{ m v + n w  m,n \in Z} is dense in C ?
How much thought have you given this?
Did you look for any counter example?

Yes, you are right? Sorry, i really didn't thought much on this.
We may put v = 3 * i and w = 3 for example and this set doesn't even
have accumulation points.
In fact, this question was arised from the problem:
f: C > C analytic and v, w in C such that v/w is not real such that
f(z + v) = f(z) = f(z + w) for all z in C. Prove that f is contsant.
There should probably be another apprach for this.
Thanks and sorry 

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Lasse science forum addict
Joined: 29 Apr 2005
Posts: 71

Posted: Mon Jul 10, 2006 10:04 am Post subject:
Re: Dense subset of C



eugene wrote:
Quote:  It is well known fact that if a,b are real and a/b isn't in Q, then the
set { ma + n b  m,n \in Z} is
dense in R(usually it is called Kronecker's theorem  it's weaker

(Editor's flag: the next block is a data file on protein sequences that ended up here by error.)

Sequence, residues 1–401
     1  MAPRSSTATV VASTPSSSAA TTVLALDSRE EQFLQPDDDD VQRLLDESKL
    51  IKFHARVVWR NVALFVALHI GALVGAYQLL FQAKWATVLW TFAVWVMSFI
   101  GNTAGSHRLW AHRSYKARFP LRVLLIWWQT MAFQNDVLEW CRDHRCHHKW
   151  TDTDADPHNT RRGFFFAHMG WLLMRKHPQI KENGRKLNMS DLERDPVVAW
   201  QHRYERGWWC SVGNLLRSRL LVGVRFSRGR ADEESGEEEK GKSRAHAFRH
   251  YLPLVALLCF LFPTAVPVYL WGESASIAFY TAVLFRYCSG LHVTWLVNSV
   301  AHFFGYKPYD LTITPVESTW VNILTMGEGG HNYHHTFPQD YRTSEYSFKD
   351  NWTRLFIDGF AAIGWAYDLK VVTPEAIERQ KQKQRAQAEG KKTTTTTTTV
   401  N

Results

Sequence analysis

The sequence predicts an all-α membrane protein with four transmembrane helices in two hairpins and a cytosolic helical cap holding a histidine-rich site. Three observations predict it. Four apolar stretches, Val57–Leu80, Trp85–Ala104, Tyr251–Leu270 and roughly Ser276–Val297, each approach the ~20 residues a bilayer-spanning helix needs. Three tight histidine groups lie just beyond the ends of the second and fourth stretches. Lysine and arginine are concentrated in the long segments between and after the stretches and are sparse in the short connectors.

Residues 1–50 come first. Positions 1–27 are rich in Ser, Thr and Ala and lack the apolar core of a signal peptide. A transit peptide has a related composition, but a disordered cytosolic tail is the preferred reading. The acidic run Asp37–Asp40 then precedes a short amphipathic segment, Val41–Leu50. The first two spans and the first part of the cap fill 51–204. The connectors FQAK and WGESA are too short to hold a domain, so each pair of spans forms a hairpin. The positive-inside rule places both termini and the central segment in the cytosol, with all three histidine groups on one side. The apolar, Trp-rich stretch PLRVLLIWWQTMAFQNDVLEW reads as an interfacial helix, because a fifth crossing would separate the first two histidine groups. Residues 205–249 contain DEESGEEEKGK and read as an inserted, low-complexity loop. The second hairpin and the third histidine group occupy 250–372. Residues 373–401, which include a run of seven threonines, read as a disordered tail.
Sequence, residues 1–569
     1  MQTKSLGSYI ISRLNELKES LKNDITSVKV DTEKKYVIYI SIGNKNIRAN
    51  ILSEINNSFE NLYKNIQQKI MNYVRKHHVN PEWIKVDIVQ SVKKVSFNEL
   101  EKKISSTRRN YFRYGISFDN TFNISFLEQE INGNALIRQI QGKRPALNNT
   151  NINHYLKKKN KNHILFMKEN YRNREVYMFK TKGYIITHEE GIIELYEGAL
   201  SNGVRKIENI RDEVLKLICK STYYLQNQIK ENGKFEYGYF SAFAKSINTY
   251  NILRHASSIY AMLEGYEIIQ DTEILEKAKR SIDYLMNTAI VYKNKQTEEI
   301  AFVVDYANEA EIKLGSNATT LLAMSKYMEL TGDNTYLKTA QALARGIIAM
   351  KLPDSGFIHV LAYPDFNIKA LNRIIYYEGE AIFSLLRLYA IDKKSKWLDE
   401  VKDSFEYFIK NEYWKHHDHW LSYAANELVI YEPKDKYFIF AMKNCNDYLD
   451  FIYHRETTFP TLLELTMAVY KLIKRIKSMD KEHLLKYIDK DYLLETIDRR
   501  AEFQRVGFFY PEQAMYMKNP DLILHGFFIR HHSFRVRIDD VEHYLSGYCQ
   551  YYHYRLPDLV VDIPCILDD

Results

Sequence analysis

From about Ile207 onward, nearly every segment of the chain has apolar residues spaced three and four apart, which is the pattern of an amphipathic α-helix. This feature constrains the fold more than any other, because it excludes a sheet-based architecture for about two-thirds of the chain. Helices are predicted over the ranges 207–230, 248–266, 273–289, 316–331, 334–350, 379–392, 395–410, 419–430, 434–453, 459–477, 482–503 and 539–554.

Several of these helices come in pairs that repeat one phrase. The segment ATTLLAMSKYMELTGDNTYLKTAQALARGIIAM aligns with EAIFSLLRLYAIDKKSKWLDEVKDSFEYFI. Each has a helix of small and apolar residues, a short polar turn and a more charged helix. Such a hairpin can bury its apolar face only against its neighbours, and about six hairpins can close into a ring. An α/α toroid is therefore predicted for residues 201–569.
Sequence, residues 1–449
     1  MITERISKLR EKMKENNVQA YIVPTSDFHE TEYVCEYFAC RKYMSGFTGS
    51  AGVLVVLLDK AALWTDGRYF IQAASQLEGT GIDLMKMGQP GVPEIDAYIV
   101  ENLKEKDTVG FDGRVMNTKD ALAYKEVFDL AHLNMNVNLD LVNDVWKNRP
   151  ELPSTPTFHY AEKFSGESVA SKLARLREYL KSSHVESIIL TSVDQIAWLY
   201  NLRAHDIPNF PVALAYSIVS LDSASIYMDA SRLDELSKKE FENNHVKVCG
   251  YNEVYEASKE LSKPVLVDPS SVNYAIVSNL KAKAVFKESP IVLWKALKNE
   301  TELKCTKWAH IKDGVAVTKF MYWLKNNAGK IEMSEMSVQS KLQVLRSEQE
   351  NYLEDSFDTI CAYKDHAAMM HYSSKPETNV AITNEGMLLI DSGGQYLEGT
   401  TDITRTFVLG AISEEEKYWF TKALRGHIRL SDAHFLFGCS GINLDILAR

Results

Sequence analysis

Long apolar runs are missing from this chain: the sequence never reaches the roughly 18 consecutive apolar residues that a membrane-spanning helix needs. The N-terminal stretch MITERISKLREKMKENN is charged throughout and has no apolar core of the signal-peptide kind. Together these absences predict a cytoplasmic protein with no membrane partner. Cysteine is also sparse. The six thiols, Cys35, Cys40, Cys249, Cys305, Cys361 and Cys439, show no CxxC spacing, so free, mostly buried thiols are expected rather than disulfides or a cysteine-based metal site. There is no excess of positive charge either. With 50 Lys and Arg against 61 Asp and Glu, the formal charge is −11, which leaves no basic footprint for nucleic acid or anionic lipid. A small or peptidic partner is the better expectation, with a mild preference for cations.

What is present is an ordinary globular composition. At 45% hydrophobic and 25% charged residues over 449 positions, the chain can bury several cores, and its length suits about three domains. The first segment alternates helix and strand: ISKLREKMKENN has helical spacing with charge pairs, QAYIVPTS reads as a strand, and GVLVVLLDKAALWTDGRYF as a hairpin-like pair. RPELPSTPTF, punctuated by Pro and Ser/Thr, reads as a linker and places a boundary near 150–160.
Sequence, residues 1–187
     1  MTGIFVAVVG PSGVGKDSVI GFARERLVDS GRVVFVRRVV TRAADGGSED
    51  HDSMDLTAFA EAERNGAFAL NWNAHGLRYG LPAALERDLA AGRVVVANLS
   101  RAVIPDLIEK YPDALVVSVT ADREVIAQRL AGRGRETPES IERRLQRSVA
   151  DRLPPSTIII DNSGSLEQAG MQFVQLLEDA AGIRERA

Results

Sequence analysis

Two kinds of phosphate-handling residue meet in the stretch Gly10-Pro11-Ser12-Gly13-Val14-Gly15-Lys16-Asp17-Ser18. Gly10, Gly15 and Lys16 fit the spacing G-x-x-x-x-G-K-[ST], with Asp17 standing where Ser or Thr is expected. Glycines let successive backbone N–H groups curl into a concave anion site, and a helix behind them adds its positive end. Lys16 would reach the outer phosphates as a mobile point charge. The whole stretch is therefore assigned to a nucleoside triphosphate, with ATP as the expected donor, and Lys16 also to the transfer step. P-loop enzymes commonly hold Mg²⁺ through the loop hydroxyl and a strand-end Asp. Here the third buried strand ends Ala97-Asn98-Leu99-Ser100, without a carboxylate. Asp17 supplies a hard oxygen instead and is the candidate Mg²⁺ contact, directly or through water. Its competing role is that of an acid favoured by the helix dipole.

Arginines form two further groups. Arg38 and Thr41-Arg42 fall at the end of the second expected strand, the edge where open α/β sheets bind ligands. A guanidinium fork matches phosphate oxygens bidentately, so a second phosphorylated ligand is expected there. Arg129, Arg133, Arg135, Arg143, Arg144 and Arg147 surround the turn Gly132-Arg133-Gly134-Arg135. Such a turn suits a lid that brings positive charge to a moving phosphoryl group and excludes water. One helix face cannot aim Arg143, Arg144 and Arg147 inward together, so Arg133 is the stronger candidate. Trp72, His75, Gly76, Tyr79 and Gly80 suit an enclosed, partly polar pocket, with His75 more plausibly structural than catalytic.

version). I have the following question: if v and w are complex
nonzero numbers such that v/w is nonreal. Is it true that
{ m v + n w  m,n \in Z} is dense in C ?

HINT: Think of two such complex numbers, and try to work out what the
given set will look like in the complex number plane. 

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Lasse science forum addict
Joined: 29 Apr 2005
Posts: 71

Posted: Mon Jul 10, 2006 10:08 am Post subject:
Re: Dense subset of C



Quote:  In fact, this question was arised from the problem:
f: C > C analytic and v, w in C such that v/w is not real such that
f(z + v) = f(z) = f(z + w) for all z in C. Prove that f is contsant.
There should probably be another apprach for this.

Hint: any entire function which is bounded is also constant.